Stocks fell today, breaking the market’s three-session winning streak. The Dow and S&P both dropped while the Nasdaq Composite closed for a razor-thin gain.
Overall, it was a frustrating session for bulls. Equities opened trading higher but were unable to stay above water, save for the Big Tech companies that prevented further losses in the major indexes.
As usual, airlines, cruise operators, and retailers stole the show. All three sectors fell in response to doubts over a full U.S. reopening.
In Beijing, the coronavirus is making a comeback, to the point at which China has canceled domestic flights. Several U.S. states – Oklahoma, Florida, and Texas – are seeing an uptick in cases, too.
Even without a Covid-19 resurgence, many analysts believe a bubble has formed and is about to pop. British investor Jeremy Grantham is nearly certain about it and issued a warning shortly after the market closed as a result.
“My confidence is rising quite rapidly that this is the fourth ‘Real McCoys’ bubble of my investment career,” Grantham said in an interview on CNBC, referencing three major bubbles of the past – the 1989 Japan bubble, the 2000 dot com bubble, and the 2008 financial crisis.
“We’ve now reached a level where you buy bankrupt companies and you issue stock in bankrupt companies that will probably be used to pay off the bondholders,” Grantham explained.
“This is crazy stuff.”
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Hertz (NYSE: HTZ), the bankrupt company Grantham was talking about, is likely to become a cautionary tale for young investors. Company leadership is trying to issue more stock while expecting it to eventually become completely worthless.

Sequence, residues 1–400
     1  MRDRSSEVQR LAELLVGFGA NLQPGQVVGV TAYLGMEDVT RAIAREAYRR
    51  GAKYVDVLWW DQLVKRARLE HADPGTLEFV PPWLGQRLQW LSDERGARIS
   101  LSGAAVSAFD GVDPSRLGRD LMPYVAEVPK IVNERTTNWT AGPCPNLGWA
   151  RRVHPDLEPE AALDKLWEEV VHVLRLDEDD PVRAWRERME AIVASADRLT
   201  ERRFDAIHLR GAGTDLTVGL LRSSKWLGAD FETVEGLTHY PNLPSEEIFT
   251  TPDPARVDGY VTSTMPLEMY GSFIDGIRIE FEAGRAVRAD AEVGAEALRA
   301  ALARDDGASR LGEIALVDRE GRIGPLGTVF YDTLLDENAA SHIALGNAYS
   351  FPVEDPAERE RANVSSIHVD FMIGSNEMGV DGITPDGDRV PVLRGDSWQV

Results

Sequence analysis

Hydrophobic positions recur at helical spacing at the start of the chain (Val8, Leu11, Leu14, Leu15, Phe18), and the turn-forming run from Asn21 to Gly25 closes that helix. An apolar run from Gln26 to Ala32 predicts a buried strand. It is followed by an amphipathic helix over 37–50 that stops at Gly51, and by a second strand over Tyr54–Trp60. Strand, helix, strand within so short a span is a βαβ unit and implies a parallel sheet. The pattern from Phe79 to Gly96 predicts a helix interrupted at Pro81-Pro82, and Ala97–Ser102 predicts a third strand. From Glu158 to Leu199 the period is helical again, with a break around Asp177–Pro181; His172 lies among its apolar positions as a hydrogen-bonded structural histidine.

Speculators don’t care, though. They’re still buying it.
To scores of analysts, that’s extremely concerning, if not indicative of a truly irrational market.
With little to trade amid the recent choppiness, investors are turning to alternatives. Forex, for example, has grown in popularity over the last few weeks.
And one currency pair in particular – euro/U.S. dollar – is stealing the show.
The euro, in terms of dollars, has done very well since mid-May. Unprecedented stimulus from the Federal Reserve has been mostly to blame, and keen forex traders made a killing by going long the popular currency pair.
Now, though, EUR/USD seems to have topped out and set a lower high relative to the high of mid-March.
After breaking past its bullish trend (represented with the yellow trendline) and the 10-day moving average, EUR/USD is giving traders a setup.
Should EUR/USD trade below today’s low, it might make sense to take the currency pair short with a trade trigger of 1.1180.
The stock market might be a little frustrating at the moment, but thankfully, forex is providing investors with additional trading opportunities. And with so much stimulus going around, there’s arguably never been a better time to give currency pairs a shot.